Multi Vitamins – they are important for us to take and they are just as important for our pets. Look at it as "health insurance" for your cat or dog. Going back to the same old story, much of the vitamins and minerals in our pet's food are once again destroyed by the heat in processing the food. Even if they are added as an afterthought later by the pet food companies, the vitamins and minerals slowly dissipate when exposed to air and light. The first bites are the best nutrition wise.

As in all things pertaining to your pet it is best to talk to your Vet regarding what supplements you should add to your pet's diet. Doing a little research on the internet and talking to friends that have animals can also give you a wealth of information.

One very important thing cat caregivers should remember is that cats need the amino acid called "taurine" in their diets. I have found that Hartz makes a vitamin for cats that are not only filled with most things a cat needs, it is a great source of "taurine." Our cats readily eat the vitamin pill, it is rather large, so I break it up and they seem to enjoy it. It can be found in most grocery stores and is reasonably priced.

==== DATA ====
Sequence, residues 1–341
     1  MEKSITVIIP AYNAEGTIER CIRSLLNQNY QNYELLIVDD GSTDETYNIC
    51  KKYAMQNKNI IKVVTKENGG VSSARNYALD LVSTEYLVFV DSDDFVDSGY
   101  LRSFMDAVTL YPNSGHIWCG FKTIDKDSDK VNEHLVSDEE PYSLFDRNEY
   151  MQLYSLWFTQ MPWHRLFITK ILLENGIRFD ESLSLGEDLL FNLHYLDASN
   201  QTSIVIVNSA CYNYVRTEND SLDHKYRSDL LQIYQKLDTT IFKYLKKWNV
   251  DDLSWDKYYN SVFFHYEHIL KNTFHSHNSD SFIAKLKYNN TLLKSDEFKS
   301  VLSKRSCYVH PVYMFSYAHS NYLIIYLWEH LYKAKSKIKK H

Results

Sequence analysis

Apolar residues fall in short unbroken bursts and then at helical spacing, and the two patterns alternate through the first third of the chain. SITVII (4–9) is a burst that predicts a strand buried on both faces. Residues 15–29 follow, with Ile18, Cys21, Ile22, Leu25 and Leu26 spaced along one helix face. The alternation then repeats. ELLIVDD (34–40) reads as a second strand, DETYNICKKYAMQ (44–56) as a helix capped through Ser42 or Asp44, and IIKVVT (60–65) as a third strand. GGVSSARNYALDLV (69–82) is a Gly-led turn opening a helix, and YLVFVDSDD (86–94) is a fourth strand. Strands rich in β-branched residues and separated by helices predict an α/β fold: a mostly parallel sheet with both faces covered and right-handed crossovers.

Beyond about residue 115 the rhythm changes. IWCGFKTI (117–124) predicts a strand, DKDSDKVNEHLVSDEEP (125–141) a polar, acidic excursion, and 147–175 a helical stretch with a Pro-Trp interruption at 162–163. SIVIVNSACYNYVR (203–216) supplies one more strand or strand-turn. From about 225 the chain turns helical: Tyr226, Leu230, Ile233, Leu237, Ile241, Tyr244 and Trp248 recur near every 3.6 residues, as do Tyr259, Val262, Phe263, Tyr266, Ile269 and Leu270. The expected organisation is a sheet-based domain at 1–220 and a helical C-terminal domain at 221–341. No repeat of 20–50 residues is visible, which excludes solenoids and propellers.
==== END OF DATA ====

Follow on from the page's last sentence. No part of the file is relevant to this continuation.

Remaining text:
Since I am on the subject of cats for the moment, I would like to include a recipe that I have used daily for several years and credit it to saving our Smokey's life and making him well and strong. It is an excellent source of vitamins and minerals; it will do wonders for your cat's coat and its inner wellbeing. A friend lent me the book that this was in and unfortunately we do not know the author or the name of the book. It is well worth the effort it takes to put it together and it will benefit your cat in many ways especially if your cat is a finicky eater like ours is.

It is rather like building a mouse: (a cat's best source of food)

11/2 cups of Brewer's yeast (acts as something living, raises the quality of protein and helps replace some B vitamins and amino acids)

1 cup lecithin (to emulsify fatty wastes and provide a good coat)

¼ cup kelp powder (provides minerals and roughage, the nutrition found in a mouse's hair and contents of its tummy)

2 cups wheat bran (provides minerals and roughage, as does the kelp powder)

2 cups bone meal (helps bone structure)

Mix together and keep in an airtight jar (peanut butter jar works well) and keep in the refrigerator. Mix or sprinkle 1 teaspoon in your cat's food at mealtime, total of 2 teaspoons per day. If you feed your cat several times a time adjust the amount and spread it accordingly. You may have to try a little bit at a time to get your cat used to the taste. You can buy the ingredients at the health food store and it lasts for a long while. Just keep it in the refrigerator. I had trouble finding kelp powder and as a result bought pills and ground them in a small coffee grinder, which I keep to grind up things our cats are finicky about and I then can sneak them in their food, etc.